Upgrades to an Old PC (Z77-Socket 1155)
Upgrades to an Old PC
To my regular readers, this article might bore you, but perhaps a little dose of humour might still be of entertainment. To begin, I’m not really all that much of a techie, even with talk of my Socket 1155, and what not. I’ve had my own home PC for over twenty-three years, and worked with them for around three decades. I love working with computers, but inside of them … not so much.
Essentially, I only work on my own hardware because of the costs involved, the learning curve, and the time factor. I spend my entire day on the computer, so being without a workhorse is not an option. When there is an issue, I panic, then research, and promptly fix it. The point of this article is to serve people (like me) who need this information when upgrading their older systems.
Processor sockets come and go, DDR keeps going up in numbers, and almost none of the expensive items are backwards compatible. We can thank Intel for that, but don’t. I am pleased to see AMD coming back with a vengeance. For the record, and SEO purposes, these are the hardware specs you might be researching if you find this page.
- Processor: i7 3770 (non K) (Socket 1155)
- Motherboard: GA-Z77-D3H Rev 1.0 (Gigabyte Z77 series) Bios F22
- Everything else is stock standard.
- Graphics: MSI GTX 1080 TI Armor 11G OC Graphics Card
- Sound Card: Creative Sound Blaster Audigy PCI-E RX 7.1
- RAM: Kingston HyperX Savage 32GB Kit (4x8GB) 2400MHz DDR3 Non-ECC CL11 DIMM XMP (HX324C11SRK4/32)
With the boring details out of the way, let’s get on with the fun stuff; ordering components and worrying about whether they will work or not, and when they don’t fit, taking a grinder to the computer housing. You can do as much research as you want, but until you get the parts in your grubby paws, you have no idea if they will be compatible with your system.
Fortunately, there is a wealth of information online, and many of my questions were answered on Tom’s Hardware. Thanks guys! It’s in the spirit of this mutual support and help that I’ve decided to add my own little morsel of information.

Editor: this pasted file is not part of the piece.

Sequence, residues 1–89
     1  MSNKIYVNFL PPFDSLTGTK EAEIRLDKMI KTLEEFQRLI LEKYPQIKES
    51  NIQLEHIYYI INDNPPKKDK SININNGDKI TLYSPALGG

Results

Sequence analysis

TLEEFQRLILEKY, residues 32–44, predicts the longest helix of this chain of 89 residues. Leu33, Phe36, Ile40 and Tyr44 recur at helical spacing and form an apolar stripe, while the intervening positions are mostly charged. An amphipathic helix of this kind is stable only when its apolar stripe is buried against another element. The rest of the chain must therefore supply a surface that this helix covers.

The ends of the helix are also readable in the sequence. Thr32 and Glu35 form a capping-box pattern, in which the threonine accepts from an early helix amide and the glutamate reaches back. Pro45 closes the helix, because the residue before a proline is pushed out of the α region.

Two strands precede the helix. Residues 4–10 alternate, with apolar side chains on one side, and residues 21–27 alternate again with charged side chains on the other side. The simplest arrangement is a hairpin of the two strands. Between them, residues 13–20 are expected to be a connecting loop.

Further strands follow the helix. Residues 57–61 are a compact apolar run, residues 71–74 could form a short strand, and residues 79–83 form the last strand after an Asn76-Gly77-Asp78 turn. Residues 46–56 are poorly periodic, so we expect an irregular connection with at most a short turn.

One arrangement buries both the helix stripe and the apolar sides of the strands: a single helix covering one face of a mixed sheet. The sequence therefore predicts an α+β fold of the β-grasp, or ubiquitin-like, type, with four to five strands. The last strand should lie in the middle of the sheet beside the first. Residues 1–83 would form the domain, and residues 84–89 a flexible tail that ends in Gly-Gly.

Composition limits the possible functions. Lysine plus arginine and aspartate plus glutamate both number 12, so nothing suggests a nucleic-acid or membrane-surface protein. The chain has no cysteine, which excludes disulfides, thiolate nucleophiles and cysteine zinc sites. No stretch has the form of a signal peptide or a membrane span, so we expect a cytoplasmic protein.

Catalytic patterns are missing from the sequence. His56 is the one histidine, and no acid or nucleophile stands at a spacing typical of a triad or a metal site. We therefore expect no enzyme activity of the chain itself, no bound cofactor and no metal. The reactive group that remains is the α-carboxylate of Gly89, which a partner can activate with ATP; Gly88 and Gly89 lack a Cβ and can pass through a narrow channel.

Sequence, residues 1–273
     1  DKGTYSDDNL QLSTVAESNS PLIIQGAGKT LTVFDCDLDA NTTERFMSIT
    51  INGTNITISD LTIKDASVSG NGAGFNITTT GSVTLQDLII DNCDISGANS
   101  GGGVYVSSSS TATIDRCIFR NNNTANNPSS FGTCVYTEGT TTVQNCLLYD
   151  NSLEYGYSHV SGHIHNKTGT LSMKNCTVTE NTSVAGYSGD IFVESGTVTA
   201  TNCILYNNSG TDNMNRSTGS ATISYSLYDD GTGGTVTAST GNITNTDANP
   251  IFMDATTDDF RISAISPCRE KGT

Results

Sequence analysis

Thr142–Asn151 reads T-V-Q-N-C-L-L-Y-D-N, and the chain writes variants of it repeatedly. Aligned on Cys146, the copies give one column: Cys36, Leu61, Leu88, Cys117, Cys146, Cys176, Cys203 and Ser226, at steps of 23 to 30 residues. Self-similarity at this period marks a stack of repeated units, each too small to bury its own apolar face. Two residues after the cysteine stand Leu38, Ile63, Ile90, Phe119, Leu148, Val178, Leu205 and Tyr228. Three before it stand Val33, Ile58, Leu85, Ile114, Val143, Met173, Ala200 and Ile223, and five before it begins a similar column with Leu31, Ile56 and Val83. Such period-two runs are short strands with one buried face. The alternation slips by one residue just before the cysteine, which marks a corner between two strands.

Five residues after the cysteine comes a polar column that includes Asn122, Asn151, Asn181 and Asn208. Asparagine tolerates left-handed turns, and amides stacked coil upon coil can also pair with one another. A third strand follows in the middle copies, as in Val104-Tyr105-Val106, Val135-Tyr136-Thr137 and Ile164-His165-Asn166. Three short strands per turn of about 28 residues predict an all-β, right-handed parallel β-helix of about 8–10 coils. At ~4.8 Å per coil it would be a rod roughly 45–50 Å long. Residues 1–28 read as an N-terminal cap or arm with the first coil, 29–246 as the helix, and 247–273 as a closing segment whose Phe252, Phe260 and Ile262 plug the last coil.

First, let me start with the beast. The MSI GTX 1080 TI is enormous! It looks smaller in the promotional images because it is taller than your average card, so the visual proportions are misleading to the eye. I ripped open the packing, hauled out nearly one kilogram of graphics card … and it did not fit. I could get it into the PCI slot with a very gentle side twist, but that is far from desirable. You do not want any component wedged tightly against anything else in the chassis.
With the beast temporarily seated on the motherboard, I eagerly flicked on the power, excited at the prospects. Well, not only did it not fit, but it also did not work. Oh dear, that was a costly mistake! The system would boot up as far as the start-up logo and stop. After a heart stopping moment or two, I swapped it out with my original MSI GT 640, and did some further research.
Thanks to the online community who knows these things far better than I do, I learnt two crucial things you should know when considering any Nvidia GTX 1080 TI:
- With a motherboard this old, you will probably need to update your motherboard’s bios. This is why mine froze on initial boot up;
- This card requires two 8-pin PCI-E power connector inputs. Make sure that your power supply can handle the card, and has at least one 8-pin PCI-E power connector (6+2-pin version also works), and an additional 6-pin PCI-E that you can attach to the 8-pin adapter included in the box. It requires a minimum of a 600 watt power supply.
With this sorted out, I swapped the cards around again, and breathed out with relief. The main reason for my graphics card upgrade is that I am running two 4K 28” 60Hz monitors, and while the MSI GT 640 can run such extreme resolution, it’s not ideal on the long term. I don’t game much unless it is Tomb Raider — sorry gamers, I can assure you that it’s not wasted nonetheless — but I do use the desktop real-estate space. I work with graphics, photography, book cover design, typesetting, editing, and so forth, so I continually use both monitors.